Federal penalties for first-time offenders in possession of any amount of crack (below trafficking guidelines) include a minimum $1,000 fine and up to a year in jail, whereas a second conviction is punishable by a minimum $2,500 fine and two years in jail. The penalties associated with repeat offenses continue to scale up depending upon the number of prior convictions an individual has.

Court-Appointed Rehab

Pretrial intervention programs are prosecutorial agreements offered by many states to assist drug offenders and those struggling with substance use disorders in reducing the severity of legal consequences resulting from drug-related offenses, potentially leading to the complete dismissal of the charges against them. In exchange, the individual must agree to voluntarily enroll in a court-appointed rehab program and meet all other prescribed conditions to fulfill the agreement.

The state of Florida offers pretrial intervention programs to any first time, non-violent misdemeanor or felony offender. In these cases, individuals charged with drug-related crimes enter into deferred prosecution agreements (DPAs) that include court-appointed rehabilitation alongside counseling, education, supervision and additional medical and psychological treatment. After all conditions of the agreement are met and the rehabilitation program is completed, the state dismisses all charges in the case.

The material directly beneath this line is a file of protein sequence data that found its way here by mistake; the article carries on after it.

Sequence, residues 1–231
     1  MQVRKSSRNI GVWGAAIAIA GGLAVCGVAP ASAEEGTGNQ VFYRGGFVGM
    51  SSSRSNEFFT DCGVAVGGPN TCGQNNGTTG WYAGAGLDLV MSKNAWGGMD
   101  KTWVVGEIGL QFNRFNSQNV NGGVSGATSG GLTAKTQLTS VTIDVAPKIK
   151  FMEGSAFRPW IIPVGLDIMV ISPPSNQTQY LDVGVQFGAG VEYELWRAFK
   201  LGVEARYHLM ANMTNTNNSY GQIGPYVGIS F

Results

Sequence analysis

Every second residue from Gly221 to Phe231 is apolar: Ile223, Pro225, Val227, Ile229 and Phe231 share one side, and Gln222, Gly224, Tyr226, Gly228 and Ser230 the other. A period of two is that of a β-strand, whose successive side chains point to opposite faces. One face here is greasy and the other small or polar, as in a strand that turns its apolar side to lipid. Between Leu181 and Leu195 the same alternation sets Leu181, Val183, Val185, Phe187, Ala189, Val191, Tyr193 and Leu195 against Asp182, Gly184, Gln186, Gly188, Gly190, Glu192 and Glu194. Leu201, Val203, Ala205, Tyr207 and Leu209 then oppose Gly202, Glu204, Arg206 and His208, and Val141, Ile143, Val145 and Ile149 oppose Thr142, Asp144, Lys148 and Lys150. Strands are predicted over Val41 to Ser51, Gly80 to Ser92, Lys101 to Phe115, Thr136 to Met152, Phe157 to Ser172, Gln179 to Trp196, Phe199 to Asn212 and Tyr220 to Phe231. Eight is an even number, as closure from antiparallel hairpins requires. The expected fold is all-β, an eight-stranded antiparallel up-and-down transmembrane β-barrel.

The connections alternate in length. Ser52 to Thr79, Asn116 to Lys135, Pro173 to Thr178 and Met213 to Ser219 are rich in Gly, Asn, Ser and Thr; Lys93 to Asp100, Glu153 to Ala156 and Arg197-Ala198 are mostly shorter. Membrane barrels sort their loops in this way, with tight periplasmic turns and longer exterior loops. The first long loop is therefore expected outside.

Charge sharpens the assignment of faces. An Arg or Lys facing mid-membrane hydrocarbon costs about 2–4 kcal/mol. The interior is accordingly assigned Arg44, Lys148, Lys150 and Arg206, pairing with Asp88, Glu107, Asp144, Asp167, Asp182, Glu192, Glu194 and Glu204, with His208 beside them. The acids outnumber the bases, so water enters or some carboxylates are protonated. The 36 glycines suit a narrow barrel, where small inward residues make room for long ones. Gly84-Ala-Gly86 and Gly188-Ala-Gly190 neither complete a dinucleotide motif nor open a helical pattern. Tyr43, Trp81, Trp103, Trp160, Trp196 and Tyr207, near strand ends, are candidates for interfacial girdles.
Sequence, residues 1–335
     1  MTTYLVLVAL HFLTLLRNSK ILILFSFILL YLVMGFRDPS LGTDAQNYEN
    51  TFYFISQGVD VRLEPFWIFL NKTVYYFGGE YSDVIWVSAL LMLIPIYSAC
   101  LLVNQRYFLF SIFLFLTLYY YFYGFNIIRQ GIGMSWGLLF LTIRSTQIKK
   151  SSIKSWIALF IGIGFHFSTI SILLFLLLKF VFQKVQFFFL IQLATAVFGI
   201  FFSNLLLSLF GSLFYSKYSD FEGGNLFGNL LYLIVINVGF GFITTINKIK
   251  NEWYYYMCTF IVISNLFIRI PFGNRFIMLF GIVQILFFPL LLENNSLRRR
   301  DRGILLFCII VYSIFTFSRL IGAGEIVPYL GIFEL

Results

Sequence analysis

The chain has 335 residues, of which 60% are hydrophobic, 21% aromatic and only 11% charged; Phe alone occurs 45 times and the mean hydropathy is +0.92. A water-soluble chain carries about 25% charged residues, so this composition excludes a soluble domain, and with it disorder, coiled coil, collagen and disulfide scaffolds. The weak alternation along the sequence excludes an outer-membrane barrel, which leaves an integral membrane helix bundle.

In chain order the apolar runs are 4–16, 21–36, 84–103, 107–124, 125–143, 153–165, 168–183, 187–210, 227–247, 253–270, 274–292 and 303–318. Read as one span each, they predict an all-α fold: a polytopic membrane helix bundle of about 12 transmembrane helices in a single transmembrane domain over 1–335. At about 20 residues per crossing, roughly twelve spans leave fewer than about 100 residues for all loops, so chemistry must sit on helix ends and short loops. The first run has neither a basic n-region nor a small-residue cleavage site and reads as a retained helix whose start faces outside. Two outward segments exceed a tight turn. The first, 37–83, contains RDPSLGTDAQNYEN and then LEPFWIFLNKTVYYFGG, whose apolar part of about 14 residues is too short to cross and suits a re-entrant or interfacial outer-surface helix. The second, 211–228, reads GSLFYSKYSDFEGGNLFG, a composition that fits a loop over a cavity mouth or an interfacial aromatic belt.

Getting Caught High on Crack

Individuals on probation may be checked for crack consumption. Drug use is detected in random drug test programs. Violations of probation conditions result in worse penalties than those of the original offense.

Crack use is detectable in a variety of standard drug tests, such as saliva, urine and hair follicle tests. Despite a very short half-life of roughly 15 minutes, crack remains detectable in drug tests for an extended period following use. In saliva tests, crack is detectable for up to 24 hours following use, in urine tests for between one and four days and in hair follicle tests for up to 90 days.

In the event of a failed drug test, while enrolled in pretrial diversion, on probation or other drug conditions, an individual is likely to face excessive legal and financial penalties.

Key Points: Getting Caught with Crack